Like it did in the earlier MAQC study, Illumina would participate in a formal study to compare sequencing platforms, Baker said. He said the major benefit of such a study is “getting this kind of data into the hands of people who have been using microarrays for a long time. [There are] so many more things you are seeing than with any microarray platform out there,” such as alternative splicing.
SOLiD Comparison
At ABI, too, researchers have used the MAQC samples to compare results from the SOLiD system directly with microarrays. Preliminary results “look very promising” said Roland Wicki, ABI’s director of SOLiD gene expression strategy.
Both sensitivity and dynamic range are “much higher” than with microarray-based systems, he said. “Depending on how we do gene expression, [we achieve] a dynamic range of 5 to 6 orders of magnitude,” he said, which is about 1,000-fold higher than with microarrays.
ABI already offers protocols for SAGE-type gene-expression analysis on the SOLiD, and has started an early-access program for a small RNA-sequencing kit.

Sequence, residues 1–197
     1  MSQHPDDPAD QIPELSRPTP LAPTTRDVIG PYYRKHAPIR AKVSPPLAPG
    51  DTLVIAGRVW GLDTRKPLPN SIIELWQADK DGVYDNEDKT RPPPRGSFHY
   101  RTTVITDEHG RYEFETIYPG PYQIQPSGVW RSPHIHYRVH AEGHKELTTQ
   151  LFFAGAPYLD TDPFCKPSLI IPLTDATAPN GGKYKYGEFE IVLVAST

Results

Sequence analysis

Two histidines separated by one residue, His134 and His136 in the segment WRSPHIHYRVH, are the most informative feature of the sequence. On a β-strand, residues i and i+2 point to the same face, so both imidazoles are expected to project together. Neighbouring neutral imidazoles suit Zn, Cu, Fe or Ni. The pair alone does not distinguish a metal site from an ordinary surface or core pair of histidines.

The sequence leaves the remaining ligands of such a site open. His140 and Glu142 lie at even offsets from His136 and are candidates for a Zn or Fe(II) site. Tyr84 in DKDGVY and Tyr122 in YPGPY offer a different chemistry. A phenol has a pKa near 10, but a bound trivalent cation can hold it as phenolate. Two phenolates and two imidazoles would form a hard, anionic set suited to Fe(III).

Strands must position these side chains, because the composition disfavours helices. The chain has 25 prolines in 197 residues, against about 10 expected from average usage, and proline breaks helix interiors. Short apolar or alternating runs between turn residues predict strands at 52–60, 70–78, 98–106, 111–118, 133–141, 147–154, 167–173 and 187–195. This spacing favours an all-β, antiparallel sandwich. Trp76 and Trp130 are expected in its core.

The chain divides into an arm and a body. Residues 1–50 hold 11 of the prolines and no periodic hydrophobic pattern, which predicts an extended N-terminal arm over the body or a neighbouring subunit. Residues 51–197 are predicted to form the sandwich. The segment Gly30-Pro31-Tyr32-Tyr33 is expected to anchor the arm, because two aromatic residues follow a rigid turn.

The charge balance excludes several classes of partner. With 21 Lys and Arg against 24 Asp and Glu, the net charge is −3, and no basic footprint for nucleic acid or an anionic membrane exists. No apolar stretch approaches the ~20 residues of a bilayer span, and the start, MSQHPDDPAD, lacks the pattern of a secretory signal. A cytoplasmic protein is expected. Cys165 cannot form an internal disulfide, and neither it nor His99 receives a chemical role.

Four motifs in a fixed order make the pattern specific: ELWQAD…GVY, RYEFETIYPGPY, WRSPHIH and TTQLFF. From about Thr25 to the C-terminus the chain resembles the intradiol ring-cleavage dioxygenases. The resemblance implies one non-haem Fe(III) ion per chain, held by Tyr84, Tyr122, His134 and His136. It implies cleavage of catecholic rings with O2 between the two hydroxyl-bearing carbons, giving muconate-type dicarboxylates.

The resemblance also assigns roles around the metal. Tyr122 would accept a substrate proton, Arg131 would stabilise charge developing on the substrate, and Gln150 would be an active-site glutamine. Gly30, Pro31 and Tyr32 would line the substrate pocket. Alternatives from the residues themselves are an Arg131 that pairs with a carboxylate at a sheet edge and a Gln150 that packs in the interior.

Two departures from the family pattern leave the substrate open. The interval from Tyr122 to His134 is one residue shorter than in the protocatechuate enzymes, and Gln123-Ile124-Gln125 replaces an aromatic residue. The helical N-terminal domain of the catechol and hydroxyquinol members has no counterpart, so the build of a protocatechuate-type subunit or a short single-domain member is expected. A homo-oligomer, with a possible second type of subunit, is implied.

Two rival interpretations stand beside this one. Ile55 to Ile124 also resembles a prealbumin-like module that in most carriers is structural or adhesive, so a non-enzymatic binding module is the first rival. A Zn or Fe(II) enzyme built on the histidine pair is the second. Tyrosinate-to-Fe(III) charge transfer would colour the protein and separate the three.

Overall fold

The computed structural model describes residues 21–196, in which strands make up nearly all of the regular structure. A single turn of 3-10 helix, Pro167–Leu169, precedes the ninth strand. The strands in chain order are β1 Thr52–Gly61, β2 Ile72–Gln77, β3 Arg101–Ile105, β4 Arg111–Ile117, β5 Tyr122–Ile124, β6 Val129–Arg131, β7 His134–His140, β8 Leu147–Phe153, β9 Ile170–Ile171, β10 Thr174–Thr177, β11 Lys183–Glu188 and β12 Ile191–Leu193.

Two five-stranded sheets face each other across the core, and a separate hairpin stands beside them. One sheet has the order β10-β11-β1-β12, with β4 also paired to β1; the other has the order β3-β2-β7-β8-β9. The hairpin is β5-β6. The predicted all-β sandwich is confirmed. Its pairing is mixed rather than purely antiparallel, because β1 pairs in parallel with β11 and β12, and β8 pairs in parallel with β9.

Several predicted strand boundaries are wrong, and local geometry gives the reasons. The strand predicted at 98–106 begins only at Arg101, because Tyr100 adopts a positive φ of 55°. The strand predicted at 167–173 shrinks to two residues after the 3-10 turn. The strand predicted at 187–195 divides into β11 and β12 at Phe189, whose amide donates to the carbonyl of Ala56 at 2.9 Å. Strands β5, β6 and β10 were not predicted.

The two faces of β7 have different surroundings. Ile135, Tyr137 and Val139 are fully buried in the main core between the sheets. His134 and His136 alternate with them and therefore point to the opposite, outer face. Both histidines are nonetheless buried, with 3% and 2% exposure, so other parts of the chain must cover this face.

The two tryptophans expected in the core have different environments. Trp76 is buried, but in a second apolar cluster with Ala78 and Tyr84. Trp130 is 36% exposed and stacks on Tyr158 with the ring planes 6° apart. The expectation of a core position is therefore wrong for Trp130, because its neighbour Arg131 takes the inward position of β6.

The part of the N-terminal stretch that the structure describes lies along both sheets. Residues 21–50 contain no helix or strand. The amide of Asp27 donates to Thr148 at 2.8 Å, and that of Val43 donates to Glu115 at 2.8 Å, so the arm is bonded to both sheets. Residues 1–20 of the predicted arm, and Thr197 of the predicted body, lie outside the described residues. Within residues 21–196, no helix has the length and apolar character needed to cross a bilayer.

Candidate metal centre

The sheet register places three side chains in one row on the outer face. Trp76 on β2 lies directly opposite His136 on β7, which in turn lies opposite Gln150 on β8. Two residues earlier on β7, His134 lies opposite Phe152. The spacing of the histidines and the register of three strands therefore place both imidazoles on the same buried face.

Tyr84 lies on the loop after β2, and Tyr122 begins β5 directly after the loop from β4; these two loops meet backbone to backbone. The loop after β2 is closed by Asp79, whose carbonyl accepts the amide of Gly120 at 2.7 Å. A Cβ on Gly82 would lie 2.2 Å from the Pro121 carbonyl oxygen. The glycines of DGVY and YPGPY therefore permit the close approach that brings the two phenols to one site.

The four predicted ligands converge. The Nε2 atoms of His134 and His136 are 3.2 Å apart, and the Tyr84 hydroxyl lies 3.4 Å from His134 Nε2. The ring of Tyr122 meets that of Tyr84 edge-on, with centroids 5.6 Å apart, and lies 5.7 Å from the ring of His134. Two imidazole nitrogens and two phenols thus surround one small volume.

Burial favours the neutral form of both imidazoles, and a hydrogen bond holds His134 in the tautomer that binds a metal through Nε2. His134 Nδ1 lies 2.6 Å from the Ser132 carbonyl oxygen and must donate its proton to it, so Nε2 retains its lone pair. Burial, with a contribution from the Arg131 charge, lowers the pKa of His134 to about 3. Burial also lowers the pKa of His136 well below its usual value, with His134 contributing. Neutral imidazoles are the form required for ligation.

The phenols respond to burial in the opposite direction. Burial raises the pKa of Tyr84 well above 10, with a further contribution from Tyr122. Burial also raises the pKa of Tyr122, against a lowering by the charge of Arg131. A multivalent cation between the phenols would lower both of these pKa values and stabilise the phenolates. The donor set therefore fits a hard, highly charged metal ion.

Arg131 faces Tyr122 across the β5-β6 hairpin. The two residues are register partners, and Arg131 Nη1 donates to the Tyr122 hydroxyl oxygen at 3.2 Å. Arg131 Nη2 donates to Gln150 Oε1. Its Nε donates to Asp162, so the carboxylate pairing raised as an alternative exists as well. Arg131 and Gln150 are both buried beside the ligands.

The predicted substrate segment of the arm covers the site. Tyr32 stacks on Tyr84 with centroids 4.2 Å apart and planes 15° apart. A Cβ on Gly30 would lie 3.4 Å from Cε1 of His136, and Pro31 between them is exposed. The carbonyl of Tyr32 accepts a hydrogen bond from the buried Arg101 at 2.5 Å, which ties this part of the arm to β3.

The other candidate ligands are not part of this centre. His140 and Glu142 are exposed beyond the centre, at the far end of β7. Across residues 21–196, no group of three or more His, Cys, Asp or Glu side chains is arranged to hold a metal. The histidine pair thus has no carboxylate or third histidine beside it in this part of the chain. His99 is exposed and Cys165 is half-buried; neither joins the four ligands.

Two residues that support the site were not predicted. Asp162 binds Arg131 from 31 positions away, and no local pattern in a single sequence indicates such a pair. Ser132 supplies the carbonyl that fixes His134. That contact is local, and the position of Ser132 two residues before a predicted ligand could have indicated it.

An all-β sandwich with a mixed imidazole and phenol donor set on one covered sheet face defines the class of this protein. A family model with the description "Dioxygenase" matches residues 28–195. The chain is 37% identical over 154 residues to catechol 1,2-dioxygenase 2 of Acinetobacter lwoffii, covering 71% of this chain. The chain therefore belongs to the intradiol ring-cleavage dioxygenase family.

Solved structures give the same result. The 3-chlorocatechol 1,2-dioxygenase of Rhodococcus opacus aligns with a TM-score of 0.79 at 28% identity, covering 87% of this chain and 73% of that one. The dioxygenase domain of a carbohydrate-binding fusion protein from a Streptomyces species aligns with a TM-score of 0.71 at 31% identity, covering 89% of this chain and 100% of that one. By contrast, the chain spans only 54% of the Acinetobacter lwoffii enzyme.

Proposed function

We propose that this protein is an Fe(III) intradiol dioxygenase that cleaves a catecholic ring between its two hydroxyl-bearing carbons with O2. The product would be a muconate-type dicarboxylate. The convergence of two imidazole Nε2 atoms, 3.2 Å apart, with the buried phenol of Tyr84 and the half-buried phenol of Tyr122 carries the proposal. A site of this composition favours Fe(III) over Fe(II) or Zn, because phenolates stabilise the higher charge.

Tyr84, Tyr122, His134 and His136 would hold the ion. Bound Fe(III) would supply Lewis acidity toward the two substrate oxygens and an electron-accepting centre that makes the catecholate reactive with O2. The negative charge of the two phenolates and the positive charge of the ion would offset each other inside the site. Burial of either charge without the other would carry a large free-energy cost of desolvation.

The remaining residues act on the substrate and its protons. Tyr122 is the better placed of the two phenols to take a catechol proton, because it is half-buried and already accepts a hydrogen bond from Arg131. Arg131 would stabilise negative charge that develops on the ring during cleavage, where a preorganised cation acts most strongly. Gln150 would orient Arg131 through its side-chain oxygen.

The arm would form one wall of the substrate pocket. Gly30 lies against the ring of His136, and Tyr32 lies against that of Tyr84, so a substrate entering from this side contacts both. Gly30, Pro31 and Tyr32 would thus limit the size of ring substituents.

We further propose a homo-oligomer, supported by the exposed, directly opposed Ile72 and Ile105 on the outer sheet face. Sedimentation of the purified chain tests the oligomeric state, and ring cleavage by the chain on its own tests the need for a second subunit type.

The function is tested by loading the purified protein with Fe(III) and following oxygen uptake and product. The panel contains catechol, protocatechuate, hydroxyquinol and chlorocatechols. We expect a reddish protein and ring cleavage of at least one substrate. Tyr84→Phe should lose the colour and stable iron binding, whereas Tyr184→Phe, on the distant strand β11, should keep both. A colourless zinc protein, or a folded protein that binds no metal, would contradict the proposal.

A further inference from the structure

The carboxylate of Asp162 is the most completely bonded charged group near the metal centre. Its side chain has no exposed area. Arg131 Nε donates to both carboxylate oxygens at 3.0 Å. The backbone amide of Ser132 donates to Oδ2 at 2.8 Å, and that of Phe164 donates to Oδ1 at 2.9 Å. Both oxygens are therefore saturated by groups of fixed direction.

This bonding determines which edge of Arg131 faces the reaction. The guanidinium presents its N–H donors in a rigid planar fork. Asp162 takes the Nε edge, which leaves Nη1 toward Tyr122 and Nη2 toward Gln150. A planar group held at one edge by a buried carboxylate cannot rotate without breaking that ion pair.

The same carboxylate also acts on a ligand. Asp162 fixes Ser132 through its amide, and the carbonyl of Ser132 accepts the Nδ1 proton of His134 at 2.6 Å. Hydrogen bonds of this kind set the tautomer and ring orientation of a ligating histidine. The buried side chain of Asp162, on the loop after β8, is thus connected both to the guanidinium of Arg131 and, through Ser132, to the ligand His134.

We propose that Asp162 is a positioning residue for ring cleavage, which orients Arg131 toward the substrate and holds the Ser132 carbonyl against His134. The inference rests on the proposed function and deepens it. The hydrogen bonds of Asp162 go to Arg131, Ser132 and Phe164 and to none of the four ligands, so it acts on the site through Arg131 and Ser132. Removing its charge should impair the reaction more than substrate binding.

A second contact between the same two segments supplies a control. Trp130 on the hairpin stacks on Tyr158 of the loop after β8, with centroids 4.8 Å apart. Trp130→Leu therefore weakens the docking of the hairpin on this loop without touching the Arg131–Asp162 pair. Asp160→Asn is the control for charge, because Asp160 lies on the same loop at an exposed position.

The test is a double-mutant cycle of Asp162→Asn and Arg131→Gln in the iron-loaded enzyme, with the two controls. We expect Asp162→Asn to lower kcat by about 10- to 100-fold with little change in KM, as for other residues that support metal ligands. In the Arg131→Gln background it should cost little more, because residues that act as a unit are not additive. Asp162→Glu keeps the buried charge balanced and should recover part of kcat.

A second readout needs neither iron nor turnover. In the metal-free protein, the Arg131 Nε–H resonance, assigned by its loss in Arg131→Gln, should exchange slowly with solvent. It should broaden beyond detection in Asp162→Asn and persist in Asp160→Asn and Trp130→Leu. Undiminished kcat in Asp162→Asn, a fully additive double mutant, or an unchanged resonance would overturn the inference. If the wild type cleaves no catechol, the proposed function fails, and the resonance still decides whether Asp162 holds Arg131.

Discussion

The company is also working on a kit for whole-transcript sequencing where users will be able to choose to sequence either mRNA or non-coding RNA, depending on the sample prep.
If the FDA or an academic institution was to organize a cross-platform comparison, ABI would be interested in participating, Wicki said. He cautioned, though, that such a study “has to be thought about very thoroughly because there is so much more you can do on next-generation sequencers [than on microarrays],” for example study alternative splice forms.
Helicos Biosciences did not respond before deadline to a request about whether it is also evaluating the HeliScope platform using the MAQC samples.